I probably don't need to tell you that the US economy has been looking bleak for a while. You've probably noticed that much for yourself.
Even if they're not yet ready to call it an o-fish-al recession*, those of us who read the paper or listen to the news occasionally know better. We have some hunch that these days won't be remembered in future history books as "The Roaring Oughts."
While a little kitchen economy is always a great idea for your personal bottom line, this nation's recent period of economic growth and development may have left your sense of thrift in some forgotten corner of the pantry. Maybe it's hanging out back there alongside a can of butter beans and some dusty jar of unlabeled jam.
Or maybe you've just never had the need to be frugal, you lucky soul!
Whatever the case, a recession, er... make that economic downturn is the perfect time to dust off (or brush up on) some kitchen conservation cred.
One caveat first: I'll not discuss a diet consisting of Top Ramen, Hamburger Helper or store-brand Cheerios here. You can find that stuff on your own (though I'm not sure why you'd want to...) These tips speak to real dining and real food (with actual nutritional value) on the cheap.
Thrifty Tip #1: Roasting makes just about anything taste decadent.
Ever baked an apple? Steaming, tender, candy-like... It's always hard for me to believe that it's the same fruit as a raw apple. Something magic happens in that oven.
Sure, you can core an apple and stuff it with nuts, butter, sugar and rolled oats beforehand. You can maybe sprinkle on some cinnamon, but all that's totally unnecessary. Just a plain old peeled and cored apple baked in the oven for a half-hour or so is strangely heavenly.
Serve warm with a drizzle of cream or sour cream or plain yogurt and a baked apple is positive bliss. Simple, delightful and dead cheap.
And just about everyone knows about the wonder of oven-fried potatoes, but it might not have occurred to you that the same roasting magic works with all kinds of vegetables.
Ho-hum cauliflower is suddenly heavenly after a little time on the roasting tray. Just chop down a head into florets of similar size, toss with a little olive oil, salt and pepper and roast until the cauliflower is tender and has a little brown on the tips (about 30-40 minutes at 350°F). Toss the florets around on the pan about half-way through cooking to ensure they roast evenly.
One of my favorite inexpensive (yet decadent!) meals is the classic Roasted Vegetable Salad. Roasting concentrates the flavor to make the veggies rich and satisfying.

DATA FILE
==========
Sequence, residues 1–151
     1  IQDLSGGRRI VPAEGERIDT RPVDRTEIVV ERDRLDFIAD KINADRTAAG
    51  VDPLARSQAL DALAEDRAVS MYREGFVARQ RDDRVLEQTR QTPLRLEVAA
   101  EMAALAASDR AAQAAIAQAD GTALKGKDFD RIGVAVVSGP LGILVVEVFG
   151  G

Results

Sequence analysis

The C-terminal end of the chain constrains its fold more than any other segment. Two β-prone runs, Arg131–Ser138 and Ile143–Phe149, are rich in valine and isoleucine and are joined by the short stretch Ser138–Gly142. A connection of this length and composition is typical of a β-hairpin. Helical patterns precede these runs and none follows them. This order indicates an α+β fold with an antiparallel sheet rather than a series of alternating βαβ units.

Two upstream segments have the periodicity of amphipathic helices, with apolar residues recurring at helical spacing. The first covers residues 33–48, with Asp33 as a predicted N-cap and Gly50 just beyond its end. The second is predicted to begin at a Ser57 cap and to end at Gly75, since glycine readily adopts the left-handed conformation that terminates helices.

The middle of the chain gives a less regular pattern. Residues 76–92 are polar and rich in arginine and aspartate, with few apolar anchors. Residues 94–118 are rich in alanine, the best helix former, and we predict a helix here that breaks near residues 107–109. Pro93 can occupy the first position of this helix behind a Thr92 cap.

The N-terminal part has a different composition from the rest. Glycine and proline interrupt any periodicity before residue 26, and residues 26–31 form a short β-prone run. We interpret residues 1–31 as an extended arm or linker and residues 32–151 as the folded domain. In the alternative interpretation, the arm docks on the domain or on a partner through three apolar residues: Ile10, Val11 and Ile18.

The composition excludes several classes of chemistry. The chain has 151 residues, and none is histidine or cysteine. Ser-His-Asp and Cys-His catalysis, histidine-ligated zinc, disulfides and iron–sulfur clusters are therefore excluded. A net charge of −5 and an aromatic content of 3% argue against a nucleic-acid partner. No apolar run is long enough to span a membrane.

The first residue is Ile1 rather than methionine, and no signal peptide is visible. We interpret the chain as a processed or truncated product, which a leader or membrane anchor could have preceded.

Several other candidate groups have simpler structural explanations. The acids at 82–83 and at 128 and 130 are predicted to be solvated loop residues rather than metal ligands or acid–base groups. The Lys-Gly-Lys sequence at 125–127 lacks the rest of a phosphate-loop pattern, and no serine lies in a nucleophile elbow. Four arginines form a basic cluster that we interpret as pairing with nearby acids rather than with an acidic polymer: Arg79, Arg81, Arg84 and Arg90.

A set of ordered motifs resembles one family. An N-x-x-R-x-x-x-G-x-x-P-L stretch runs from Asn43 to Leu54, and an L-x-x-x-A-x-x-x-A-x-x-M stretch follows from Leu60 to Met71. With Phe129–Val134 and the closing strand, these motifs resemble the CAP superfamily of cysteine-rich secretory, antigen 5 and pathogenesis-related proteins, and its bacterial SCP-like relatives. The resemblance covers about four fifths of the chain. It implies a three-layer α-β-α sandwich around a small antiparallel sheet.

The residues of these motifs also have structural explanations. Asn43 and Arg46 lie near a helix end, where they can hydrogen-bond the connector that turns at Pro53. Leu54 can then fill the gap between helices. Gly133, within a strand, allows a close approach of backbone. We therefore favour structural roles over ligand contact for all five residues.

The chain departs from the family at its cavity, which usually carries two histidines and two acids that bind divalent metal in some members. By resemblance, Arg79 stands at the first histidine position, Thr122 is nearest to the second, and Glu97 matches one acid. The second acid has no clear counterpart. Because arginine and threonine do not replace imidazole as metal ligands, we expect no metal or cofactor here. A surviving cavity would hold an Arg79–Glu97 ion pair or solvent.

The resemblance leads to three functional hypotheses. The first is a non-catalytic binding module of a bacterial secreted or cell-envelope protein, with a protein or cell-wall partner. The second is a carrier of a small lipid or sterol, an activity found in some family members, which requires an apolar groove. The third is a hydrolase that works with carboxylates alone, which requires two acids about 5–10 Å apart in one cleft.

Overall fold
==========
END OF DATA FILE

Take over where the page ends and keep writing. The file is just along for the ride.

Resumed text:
It takes a little time to get the roasting done, but that's mostly the passive variety of "find something else to do" time while you wait for the oven buzzer to sound.
Extra bonuses: the bounty of root veg gives it good fiber and nutrient value, you can play around with a wide variety of vegetables in the dish and you can adjust the end product to suit meat eaters or vegheads, as needed.
Feel free to use whatever firm vegetables you happen to find on special at your favorite market. Try (similar-sized) cubes of hard squash (butternut, acorn, delicata), sliced fennel, zucchini, broccoli florets, potato cubes, roasted asparagus, celery root... I've even used roasted radishes.
Just keep in mind that the slices or cubes of each vegetable to be roasted should be of similar size. Different vegetables also roast at different rates, if you're not sure about how fast a particular vegetable will roast, keep it segregated from the rest so you can easily remove it when it's tender.
Roasted Vegetable Salad (Serves 2)
2 medium-size carrots, peeled & cut into 1" pieces
2 medium-size parsnips, peeled & cut into 1" pieces
3 to 5 small beets, peeled & quartered
1 large onion, cut in 1" wedges (or 4-5 shallots, halved)
1 to 2 large portabello mushrooms (sliced into 1/2" strips)
About 3 Tbsp olive oil
Salt and black pepper, to taste
1/2 head green leaf lettuce (torn into bite-sized pieces, washed & spun dry)
1/3 cup dressing of your choice (I favor a vinaigrette or a sun-dried tomato dressing)
3 to 4 slices thick-cut bacon or pancetta; diced, cooked & drained (optional)
1 oz fresh Parmesan, feta or goat cheese, crumbled (optional)
Preheat oven to 400°. Toss carrot, parsnip and beet pieces in a large bowl with 1.5 tablespoons olive oil and a sprinkle of salt and pepper.
Separately toss onion wedges and portobello slices in the remaining 1.5 tablespoons of olive oil olive oil and a sprinkle of salt and pepper.
Since the more dense root vegetables will need to cook longer, spread them across a baking tray and roast them separately from the faster-cooking onion and mushroom pieces (which you should spread evenly across another tray). Place both trays in the oven and roast for 15 minutes.
After 15 minutes, stir tray contents to help them cook evenly and return to the oven for another 15 minutes. At this point, the mushrooms and onions should look shrunken and lightly browned. Remove them from the oven and stir the root vegetables again. Remove the roots from the oven when they're fork-tender.
Cool roasted vegetables on the trays for 10 minutes before tossing them together with the torn lettuce, the dressing of your choice and the cooked, diced bacon (if using). Divide salad between two plates and top with cheese (if using).
Roasted vegetables are also wonderful served over penne, baked into a quiche or just served as a side dish on their own.
Look for another Recession-Proof Recipe next week!
* Such terrifying terminology is reserved for declines that persist for two or more consecutive quarters. Translate that as "eight or more dreadful months" if you're more into dividing your year via the Gregorian calendar.